For this reason, Abram became the first person to be called an Ivri—the one who crossed over. This word comes from the Hebrew verb la’avor (to cross over) and is transliterated into English simply as a Hebrew.
Lech Lecha, therefore, is one of the most exciting chapters in the Torah, since it chronicles the adventures of the first Hebrew with God.
May we, too, come to this life-altering place where we “cross over” into a new, exciting adventure in our life with Him.
Lech Lecha: Finding Ourselves and Hearing the Call
The Zohar, an ancient book of Jewish mysticism, interprets the opening words of this Parasha, Lech Lecha, as go to yourself.
Lech means go and lecha means to you.
Therefore, according to Jewish metaphysical thinking, the first crucial step in life is to go within—to our own inner self—to discover who God has called us to be, to discover our higher mission in life.
Once we come to a realization of our God-given destiny, when we hear that Divine call of lech lecha (go forth), then our outward journey may begin with purpose and courage.
Abraham Wins the War of the Kings
“And there was strife between the herdsmen of Abram’s livestock and the herdsmen of Lot’s livestock.” (Genesis 13:7)
In chapter 13 of Genesis, Abram and his nephew Lot have become quite wealthy. Their herds are so large that the land cannot support all of them. (Genesis 13:6)
Consequently, strife breaks out between the herdsmen of Abram and Lot. Instead of diffusing the situation, they decide to part ways.
Perhaps, we see a hint of the underlying source of strife in the choice that Lot makes.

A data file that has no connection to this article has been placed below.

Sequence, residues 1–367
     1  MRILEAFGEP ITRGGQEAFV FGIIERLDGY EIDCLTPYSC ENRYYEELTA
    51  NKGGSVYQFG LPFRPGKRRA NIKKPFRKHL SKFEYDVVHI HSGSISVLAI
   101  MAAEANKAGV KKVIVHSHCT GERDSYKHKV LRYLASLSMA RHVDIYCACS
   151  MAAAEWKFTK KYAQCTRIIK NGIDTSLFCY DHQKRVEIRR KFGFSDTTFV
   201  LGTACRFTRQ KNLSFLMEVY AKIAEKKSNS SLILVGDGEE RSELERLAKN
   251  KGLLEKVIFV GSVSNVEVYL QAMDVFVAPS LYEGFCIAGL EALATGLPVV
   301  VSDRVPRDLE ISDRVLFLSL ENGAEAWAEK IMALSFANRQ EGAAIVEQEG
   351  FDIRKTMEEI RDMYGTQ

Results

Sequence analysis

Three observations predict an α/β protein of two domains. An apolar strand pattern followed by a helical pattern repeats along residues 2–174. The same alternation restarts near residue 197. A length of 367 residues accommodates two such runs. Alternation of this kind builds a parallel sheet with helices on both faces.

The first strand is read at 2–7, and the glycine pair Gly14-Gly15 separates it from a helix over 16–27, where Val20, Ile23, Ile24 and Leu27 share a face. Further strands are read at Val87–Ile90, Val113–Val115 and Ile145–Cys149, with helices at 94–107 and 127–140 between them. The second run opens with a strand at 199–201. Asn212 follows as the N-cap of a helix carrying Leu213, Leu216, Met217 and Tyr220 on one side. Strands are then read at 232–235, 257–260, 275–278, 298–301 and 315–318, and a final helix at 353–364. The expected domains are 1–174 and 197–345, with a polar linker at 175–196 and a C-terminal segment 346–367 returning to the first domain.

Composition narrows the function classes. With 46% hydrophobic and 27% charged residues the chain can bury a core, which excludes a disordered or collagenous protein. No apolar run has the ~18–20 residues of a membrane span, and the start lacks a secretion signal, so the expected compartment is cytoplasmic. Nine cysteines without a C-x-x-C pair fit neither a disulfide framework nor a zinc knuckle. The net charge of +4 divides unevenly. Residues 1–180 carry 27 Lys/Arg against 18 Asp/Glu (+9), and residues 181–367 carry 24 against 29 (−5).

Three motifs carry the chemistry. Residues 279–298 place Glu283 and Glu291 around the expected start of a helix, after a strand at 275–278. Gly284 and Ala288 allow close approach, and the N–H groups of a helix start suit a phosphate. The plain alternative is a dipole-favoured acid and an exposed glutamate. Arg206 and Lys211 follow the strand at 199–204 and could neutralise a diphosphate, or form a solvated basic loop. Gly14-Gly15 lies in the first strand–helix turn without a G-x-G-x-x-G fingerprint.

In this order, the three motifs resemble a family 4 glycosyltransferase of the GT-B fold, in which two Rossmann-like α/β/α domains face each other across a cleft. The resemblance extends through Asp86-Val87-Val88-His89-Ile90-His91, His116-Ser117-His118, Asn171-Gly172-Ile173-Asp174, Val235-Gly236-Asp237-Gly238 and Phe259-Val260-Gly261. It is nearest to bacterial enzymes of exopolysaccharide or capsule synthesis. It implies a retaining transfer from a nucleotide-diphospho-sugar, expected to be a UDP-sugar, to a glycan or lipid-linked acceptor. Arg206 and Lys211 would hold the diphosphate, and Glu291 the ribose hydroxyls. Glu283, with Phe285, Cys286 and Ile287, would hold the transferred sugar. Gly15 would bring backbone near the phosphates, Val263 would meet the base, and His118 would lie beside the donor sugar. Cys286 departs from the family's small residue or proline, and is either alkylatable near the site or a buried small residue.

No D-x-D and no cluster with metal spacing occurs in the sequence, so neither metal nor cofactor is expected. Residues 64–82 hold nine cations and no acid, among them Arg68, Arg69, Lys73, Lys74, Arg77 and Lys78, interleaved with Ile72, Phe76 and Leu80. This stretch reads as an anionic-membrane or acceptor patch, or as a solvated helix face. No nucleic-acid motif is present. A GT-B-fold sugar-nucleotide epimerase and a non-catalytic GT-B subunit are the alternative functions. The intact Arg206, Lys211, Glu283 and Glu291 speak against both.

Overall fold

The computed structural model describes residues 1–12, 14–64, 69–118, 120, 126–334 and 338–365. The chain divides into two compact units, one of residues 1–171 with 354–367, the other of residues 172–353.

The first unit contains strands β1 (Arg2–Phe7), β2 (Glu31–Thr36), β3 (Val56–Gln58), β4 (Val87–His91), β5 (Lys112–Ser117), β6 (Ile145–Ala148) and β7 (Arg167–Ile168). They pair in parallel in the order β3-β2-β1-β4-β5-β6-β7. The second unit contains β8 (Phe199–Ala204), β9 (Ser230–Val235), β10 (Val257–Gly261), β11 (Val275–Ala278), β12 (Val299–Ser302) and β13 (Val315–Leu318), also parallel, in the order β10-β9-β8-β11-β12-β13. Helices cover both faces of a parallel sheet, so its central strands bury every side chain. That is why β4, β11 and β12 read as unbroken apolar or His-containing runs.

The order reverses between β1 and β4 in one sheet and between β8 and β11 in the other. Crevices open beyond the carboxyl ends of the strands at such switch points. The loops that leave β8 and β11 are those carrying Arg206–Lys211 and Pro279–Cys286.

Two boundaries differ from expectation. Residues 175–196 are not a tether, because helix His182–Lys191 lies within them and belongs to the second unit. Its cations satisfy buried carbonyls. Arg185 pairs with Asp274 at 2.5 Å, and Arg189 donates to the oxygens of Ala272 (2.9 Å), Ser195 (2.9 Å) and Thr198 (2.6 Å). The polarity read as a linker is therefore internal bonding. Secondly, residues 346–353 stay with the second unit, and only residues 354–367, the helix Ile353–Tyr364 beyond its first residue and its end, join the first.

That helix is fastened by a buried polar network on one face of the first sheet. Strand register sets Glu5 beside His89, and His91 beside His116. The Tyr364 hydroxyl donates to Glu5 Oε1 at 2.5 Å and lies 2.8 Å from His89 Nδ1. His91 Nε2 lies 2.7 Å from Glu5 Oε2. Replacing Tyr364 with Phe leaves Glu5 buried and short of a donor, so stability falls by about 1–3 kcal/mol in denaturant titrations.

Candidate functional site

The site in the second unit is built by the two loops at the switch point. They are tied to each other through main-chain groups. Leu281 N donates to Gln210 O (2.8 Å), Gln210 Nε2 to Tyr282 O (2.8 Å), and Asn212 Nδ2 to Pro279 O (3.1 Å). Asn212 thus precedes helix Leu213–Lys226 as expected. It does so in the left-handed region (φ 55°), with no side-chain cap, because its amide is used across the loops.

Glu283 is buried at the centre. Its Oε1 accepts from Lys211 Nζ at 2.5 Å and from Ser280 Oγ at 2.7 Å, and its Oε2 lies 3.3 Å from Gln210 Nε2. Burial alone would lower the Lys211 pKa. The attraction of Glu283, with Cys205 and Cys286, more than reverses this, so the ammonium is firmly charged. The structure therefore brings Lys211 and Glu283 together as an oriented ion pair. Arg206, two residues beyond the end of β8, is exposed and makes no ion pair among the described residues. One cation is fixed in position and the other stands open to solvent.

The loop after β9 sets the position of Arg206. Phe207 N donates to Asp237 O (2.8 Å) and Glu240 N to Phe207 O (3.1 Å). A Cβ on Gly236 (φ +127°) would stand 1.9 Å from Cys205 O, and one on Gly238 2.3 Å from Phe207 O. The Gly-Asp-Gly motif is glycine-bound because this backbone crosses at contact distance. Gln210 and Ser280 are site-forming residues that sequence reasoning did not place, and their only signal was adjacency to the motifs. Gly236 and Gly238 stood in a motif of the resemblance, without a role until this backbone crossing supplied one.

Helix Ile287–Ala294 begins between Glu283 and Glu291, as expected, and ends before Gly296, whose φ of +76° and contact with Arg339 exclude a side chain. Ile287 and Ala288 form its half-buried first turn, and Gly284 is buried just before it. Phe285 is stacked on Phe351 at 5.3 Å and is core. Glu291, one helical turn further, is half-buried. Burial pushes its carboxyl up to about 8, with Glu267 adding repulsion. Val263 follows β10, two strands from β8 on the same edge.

When Abram offers him first choice of the area, Lot chooses the best for himself, instead of insisting that his uncle, who has treated him much like a son, take the best.
Lot chooses the green, fertile plains of the Jordan near Sodom and Gomorrah and Abram moves on to the plains of Mamre (Hebron).
“And Lot lifted his eyes and saw all the plain of Jordan, that it was well watered everywhere (before the Lord destroyed Sodom and Gomorrah) like the garden of the Lord, like the land of Egypt as you go toward Zoar. Then Lot chose for himself all the plain of Jordan, and Lot journeyed east. And they separated from each other.” (Genesis 13:10–11)
Although the grass may be greener on the other side of the hill, that fact does not mean it is better, nor does it mean we should go there.
Soon after parting company, Lot needs Abram’s aid when four powerful kings capture all of Sodom, including Lot. Abram rounds up a small army of 318 men and frees the captives:
“And he [Abram] and his servants deployed against them at night and struck them; he pursued them as far as Hobah, which is to the north of Damascus. And he brought back all the possessions; he also brought back his kinsman, Lot, with his possessions, as well as the women and the people.” (Genesis 14:15–16)
Not only did Abram reveal military prowess and valor in the War of the Kings, he also showed great self-sacrifice and kindness toward his nephew Lot. With a very small army, vastly outnumbered by the four kings and their armies, Abram risked his own life to save his nephew’s.
Such valor was recently demonstrated by our Israeli Defensive Forces (IDF) soldiers who went into the terrorist stronghold of Gaza to find and destroy over 30 tunnels that had been constructed for the purpose of kidnapping and murdering Jewish Israelis.